1) Learn to identify components of the biotic and abiotic environment
2) Learn to differentiate between heterotrophic and autotrophic organisms
3) Understand nutrient cycling (nitrogen cycling in particular)
4) Measure levels of ammonia, nitrite, and nitrate
5) Measure plant growth
6) Construct graphs of nutrient levels and plant growth rates
7) Generate hypotheses about the impact of nutrients on plant growth
National Science Education Standards
Content Standard A - Science as Inquiry
Abilities necessary to do scientific inquiry
Understandings about scientific inquiry
Content Standard B - Physical Sciences
Interactions of Energy and Matter
Content Standard C - Life science
Interdependence of organisms
Matter, energy, and organization in living systems
Behavior of organisms
Content Standard D - Earth and Space Science
Energy in the earth system
Content Standard E - Science and Technology
Abilities of technological design
Understandings about science and technology
Content Standard F - Science in Personal and Social Perspectives
Natural and human-induced hazards
Science and technology in local, national, and global challenges
Content Standard G - History and Nature of Science
Science as a human endeavor
Nature of scientific knowledge
The initial setups can be constructed in advance by the teacher or can be incorporated as part of the lab to add a hands-on element and engage students who learn well in active situations. The steps regarding aquarium setup are standard. Any healthy aquarium needs to be set up for at least a few days to a week to be conditioned for fish. In addition, this will help give the bacteria time to become established in the gravel bed. However, these steps can be done by the students with the caveat that data collection be postponed for several days to a week.
1) Set up aquarium with 10 gallons of water at least a week before the lab is planned. (Treat the water with any standard water conditioner available at pet supply stores.)
2) Place under-gravel filter in bottom of tank and cover with 5-10 lbs. of gravel.
3) Add approximately 1ml of bacterial culture starter (the farther in advance of the lab this is done the better). The bacteria need several days to become established. Any normal fish tank will have a healthy stock of bacteria in the gravel bed if it has been set up for any significant length of time. (In this case, you do not need the starter culture.)
4) Add the fish to the pre-conditioned tank.
5) Place the water pump in the tank to circulate water and plug in. Cut small (~1 inch) round holes in the Styrofoam for the lettuce seedlings. Place the rockwool seedlings in the Styrofoam and float it on the top of the aquarium. Don't use too many plants or crowding will affect their growth.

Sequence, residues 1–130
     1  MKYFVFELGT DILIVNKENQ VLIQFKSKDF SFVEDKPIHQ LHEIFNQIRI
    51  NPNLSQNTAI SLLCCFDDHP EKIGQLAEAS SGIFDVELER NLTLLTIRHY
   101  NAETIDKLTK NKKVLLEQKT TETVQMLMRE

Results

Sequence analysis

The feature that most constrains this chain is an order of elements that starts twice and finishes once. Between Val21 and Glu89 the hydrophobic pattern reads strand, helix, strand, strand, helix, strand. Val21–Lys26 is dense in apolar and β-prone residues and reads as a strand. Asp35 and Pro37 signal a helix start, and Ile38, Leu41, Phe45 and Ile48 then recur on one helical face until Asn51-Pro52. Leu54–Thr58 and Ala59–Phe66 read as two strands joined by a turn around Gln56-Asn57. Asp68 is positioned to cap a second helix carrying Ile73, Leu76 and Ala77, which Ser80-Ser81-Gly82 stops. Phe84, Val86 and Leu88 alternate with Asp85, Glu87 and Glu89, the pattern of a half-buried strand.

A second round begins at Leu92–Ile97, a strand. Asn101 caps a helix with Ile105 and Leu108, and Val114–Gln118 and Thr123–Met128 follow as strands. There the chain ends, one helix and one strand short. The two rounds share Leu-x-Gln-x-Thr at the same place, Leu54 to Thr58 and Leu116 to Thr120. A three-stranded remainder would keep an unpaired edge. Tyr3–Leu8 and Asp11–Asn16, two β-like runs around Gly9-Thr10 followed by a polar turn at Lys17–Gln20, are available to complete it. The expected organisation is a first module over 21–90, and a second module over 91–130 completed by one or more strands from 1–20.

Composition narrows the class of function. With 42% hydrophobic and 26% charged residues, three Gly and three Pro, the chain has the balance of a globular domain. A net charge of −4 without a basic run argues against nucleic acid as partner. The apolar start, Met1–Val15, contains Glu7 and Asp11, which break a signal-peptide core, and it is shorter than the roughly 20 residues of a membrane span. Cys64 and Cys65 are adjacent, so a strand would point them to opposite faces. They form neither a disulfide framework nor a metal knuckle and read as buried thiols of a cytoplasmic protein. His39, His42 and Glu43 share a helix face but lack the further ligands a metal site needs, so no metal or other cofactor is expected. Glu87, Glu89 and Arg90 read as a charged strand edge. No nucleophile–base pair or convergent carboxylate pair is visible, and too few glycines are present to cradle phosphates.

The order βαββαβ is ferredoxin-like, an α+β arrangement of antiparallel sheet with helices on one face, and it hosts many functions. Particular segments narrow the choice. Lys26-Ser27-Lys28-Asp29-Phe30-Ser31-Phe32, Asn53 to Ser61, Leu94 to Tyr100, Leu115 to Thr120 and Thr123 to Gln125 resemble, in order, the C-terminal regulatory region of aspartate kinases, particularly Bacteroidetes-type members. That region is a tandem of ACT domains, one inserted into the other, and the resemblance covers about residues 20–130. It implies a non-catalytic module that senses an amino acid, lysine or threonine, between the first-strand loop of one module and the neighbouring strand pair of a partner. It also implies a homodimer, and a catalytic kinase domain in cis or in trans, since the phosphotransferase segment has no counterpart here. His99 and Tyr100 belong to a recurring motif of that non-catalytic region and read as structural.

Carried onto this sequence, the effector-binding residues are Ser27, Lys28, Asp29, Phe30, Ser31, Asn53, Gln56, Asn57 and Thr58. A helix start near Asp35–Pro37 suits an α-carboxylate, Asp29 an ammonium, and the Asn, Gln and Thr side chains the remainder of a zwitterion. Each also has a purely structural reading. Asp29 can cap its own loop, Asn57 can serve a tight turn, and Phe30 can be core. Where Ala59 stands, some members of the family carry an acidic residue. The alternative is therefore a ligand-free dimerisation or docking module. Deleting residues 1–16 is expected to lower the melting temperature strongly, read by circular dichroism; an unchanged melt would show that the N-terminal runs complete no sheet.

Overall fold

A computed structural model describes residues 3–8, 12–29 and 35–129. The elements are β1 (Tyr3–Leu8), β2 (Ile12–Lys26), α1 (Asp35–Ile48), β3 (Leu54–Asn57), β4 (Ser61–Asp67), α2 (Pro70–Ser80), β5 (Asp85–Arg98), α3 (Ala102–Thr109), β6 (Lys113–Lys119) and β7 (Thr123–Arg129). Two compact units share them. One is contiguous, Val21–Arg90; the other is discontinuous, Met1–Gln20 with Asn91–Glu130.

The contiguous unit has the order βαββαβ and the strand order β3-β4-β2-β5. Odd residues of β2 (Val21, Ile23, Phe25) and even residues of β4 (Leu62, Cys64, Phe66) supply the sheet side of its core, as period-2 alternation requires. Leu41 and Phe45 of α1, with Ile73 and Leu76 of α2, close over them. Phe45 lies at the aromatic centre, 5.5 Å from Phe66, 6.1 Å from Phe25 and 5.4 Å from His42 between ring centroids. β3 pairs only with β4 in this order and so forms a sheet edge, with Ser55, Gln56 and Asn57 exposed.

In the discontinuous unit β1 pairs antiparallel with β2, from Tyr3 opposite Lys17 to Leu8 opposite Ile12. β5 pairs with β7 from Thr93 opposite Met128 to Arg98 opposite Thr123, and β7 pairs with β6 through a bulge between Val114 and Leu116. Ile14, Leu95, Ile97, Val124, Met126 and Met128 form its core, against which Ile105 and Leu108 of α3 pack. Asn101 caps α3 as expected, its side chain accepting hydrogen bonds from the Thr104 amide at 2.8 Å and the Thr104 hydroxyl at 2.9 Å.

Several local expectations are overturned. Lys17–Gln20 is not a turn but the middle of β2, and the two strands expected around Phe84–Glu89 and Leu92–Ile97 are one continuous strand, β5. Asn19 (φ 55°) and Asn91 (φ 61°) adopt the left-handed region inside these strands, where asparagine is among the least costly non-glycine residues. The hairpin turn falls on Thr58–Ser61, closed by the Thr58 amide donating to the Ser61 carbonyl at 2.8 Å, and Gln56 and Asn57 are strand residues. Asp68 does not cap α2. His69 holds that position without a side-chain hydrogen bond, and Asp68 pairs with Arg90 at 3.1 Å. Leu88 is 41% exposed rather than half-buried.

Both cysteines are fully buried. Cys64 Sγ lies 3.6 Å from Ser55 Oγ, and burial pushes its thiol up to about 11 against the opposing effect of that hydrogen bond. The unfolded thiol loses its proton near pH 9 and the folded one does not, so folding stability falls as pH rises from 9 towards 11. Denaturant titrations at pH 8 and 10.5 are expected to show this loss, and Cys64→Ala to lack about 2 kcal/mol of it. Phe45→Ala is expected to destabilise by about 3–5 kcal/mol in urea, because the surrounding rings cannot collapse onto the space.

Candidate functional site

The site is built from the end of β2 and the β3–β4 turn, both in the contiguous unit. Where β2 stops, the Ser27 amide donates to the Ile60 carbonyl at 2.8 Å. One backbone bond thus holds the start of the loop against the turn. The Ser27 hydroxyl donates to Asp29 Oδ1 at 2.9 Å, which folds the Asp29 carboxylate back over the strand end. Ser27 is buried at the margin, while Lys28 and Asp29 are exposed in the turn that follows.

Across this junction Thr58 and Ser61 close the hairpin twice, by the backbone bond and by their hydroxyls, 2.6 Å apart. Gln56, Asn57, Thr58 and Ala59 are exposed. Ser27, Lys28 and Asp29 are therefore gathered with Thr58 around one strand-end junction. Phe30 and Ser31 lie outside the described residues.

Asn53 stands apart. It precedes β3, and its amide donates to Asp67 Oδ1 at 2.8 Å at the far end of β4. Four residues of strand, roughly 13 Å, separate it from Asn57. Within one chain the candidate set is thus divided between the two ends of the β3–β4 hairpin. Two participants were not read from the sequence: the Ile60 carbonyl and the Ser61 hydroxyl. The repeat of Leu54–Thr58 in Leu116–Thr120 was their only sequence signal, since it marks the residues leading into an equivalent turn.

6) Turn on the lights above the plants!
7) Take initial measurements of the plants (height, length, number of leaves, etc.).
8) Take initial water samples and test for ammonia, nitrite, and nitrate.
9) Feed fish regularly and measure plant and water quality (ammonia, nitrite, nitrate) variables at regular intervals for 1-2 weeks.
10) Plot the data and discuss the shift in ammonia, nitrite, and nitrate levels in the context of the nitrogen cycle.
11) Generate hypotheses about the role of the plants and the effects of varying concentrations of each nutrient on their growth.
This lab can be made much more hands-on and open-ended with a few simple steps. First, consider letting the students design the setup. Second, use replicates and adjust the variables. For instance, what happens if you use more plants, less plants, none? What about the number of fish? Do plants grow better in normal hydroponic solution or on the fish effluent? How does photoperiod affect plant growth rate? How does pH change over time in each tank? Does that impact plant growth? Bacterial conversion rates? Fish growth? This project can be easily modified to fit whatever goal you have for your classroom, it is relatively inexpensive, and it incorporates large amounts of potential content and plenty of opportunity for inquiry.
Standard written assessments of students’ knowledge regarding nutrient cycling should be given prior to starting this unit. Normal lectures will impart practical background knowledge and, hopefully, the hands-on lab will solidify these concepts in the students’ minds. Individual projects and presentations are excellent ways to assess how engaged each student was and how deeply they understood their own setups. Post-tests also can be used to assess improvement in students’ understanding of concepts related to nutrient cycling.
The protocol outline above is a bare bones conceptual map. You need to flesh out the project and mold it to your own personal needs. This project was implemented at an alternative middle and high school this year with a group of 10 students who became very involved. The students built recirculating tanks and hydroponic setups and completed both group and independent projects. Goals varied from understanding nutrient cycling to design challenges aimed at producing sustainable, closed systems. Students experimented with pH, bacterial population size (measured by surface area), fish and plant number, photoperiod, and other environmental variables. Overall, it proved a flexible and innovative system to explore a large variety of concepts and provided many synergistic activities.
Fish and plants are living organisms that will die if not properly cared for. Giving students responsibility for maintaining aquaponic setups will help engage them but should be overseen by a responsible adult. Another potential problem is the potential for lack of clear results. Different treatments will usually provide clear differences in plant growth. For instance, plants may grow faster on fish effluent than on tanks with no fish. However, each setup will be different, and results may be hard to predict. Unclear results are part of science and usually lead to interesting and testable hypotheses. I encourage teachers to allow projects to be as open-ended as possible.
Background information about nitrogen cycling was adapted from:
Smith, R.L. 1992. Elements of Ecology, 3rd ed. Harper Collins Publishers, Inc. New York, New York. 617pp.